2) ALT-space to maximize/restore windows was not bound to anything

Again, I had to bind this command to a Window:State:

The nice thing about the Maximize window state is that it toggles between Maximize and Restore (or Unmaximize in the Enlightenment world).

3) Icons for some of the programs I selected for my Icon Bar were missing:

I had to go and find individual icons by right-clicking on the space in the icon bar, select Change Icon Properties, select Icon, and navigate to the following directory:

You can also find icons in any of the sized directories; for example:

I had to do this for Google Chrome, gnome-terminal, vmware player and my nvidia settings. I'm surprised that Enlightenment did not automatically find these for some of the more popular programs.

4) the Shelf's icon bar seems to start programs in their own environment separate from your user environment

I found this out because when I started Google Chrome in Enlightenment, Google Chrome no longer respected any of my proxy settings. The workaround was to create a simple shell script that exports my proxy environment variables and starts Chrome:
[sodo@computer ~]$ cat googleStartup.sh
export http_proxy=http://http-proxy:8080/
export https_proxy=http://http-proxy:8080/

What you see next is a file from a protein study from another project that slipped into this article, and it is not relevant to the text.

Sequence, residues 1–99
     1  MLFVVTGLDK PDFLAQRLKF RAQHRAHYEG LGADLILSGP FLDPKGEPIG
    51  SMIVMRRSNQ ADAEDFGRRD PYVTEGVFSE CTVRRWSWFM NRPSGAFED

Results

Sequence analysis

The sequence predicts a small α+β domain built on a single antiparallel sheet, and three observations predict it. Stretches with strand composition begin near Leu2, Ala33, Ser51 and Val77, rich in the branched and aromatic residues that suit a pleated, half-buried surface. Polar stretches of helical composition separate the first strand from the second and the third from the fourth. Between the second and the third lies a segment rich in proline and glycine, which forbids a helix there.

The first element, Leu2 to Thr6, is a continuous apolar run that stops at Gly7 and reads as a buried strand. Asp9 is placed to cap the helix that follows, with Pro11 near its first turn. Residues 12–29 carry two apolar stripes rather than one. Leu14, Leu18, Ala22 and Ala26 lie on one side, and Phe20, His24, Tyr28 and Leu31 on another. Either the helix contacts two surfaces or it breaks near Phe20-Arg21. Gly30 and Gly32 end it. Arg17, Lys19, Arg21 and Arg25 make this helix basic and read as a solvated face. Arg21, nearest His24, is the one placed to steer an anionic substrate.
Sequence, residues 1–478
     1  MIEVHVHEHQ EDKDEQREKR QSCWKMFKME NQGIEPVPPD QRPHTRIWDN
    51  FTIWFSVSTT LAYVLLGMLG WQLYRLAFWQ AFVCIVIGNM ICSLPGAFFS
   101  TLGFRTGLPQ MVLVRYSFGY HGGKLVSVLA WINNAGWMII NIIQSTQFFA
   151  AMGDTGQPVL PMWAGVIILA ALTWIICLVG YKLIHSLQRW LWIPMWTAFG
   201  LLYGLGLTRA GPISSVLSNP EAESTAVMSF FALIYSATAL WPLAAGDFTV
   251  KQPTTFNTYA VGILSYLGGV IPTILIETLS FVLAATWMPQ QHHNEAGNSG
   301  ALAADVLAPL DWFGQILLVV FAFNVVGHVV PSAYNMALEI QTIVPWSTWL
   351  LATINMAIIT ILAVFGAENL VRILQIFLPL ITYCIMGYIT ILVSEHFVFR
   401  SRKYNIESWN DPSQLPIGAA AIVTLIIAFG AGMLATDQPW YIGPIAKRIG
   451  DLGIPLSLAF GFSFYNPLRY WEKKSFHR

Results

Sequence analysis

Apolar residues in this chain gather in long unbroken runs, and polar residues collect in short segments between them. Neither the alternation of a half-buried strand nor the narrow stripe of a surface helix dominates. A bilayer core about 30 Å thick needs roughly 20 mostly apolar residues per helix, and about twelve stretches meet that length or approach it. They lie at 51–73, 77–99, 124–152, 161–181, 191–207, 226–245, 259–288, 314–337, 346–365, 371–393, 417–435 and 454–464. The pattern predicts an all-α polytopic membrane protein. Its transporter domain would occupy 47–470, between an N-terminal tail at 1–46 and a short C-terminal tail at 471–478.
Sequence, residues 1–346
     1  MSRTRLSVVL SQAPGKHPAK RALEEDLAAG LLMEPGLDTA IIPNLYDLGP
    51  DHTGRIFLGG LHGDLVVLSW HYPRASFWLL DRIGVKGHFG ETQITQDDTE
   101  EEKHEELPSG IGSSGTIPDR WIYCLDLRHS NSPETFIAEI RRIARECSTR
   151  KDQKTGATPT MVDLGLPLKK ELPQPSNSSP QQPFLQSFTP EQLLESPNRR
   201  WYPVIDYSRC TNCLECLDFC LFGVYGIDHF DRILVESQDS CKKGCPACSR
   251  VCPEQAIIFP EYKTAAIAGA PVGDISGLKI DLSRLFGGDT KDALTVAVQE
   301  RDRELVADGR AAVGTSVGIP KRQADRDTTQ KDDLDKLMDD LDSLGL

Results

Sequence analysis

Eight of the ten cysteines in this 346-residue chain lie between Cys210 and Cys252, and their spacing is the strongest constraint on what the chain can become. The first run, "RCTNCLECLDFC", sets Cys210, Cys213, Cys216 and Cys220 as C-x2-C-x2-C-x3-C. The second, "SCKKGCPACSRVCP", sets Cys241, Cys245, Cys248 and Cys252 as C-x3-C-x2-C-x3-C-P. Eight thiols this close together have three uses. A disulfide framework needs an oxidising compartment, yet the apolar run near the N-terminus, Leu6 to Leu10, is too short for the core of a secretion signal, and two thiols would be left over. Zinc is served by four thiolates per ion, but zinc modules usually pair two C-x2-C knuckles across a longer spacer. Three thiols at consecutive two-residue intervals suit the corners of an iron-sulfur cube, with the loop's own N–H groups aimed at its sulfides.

export no_proxy=localhost,
/opt/google/chrome/google-chrome &

I then put that script in the Executable section of the icon. Don't forget the ampersand on the end of the command. If you don't have it, you may see an Enlightenment dialog popup saying something like "Enlightenment was unable to run the application..the app failed to start" when exiting out of the app.

5) The "Remember" feature:

..to remember size, position and settings of a windowed program (in this case, gnome-terminal) plain ol' just doesn't work. Haven't got a workaround for this yet.

Other bothersome things I have yet to fix
1) it is meant as a convenience, but it is irritating when the cursor jumps to the Save dialog
* this was corrected via Settings -> Settings Panel -> Windows -> Window Focus -> Advanced -> uncheck "Slide pointer to a new focused window"

2) desktop switches to the adjacent one when your mouse is next to a desktop's far edge
* this was corrected via Settings -> Settings Panel -> Input -> Edge Bindings and removing the binding for the Right Edge. Erg!!

3) ctrl-shift left or right does not select text, it brings you to the adjacent desktop
* ARGH..still no fix

4) clicking on an application does not make the applications in front of the clicked application disappear..erg!
* this was corrected via Settings -> Settings Panel -> Windows -> Window Focus -> "Click Window to Focus".

5) I miss the GNOME system monitor panel widget. Weep.

It's always a tough row to hoe in the Linux world..nothing great or tasty or beautiful comes without some work.

Keep you posted..

E User Guide
good info on features and keybindings of Metacity: https://github.com/tthurman/metacity
themes http://exchange.enlightenment.org/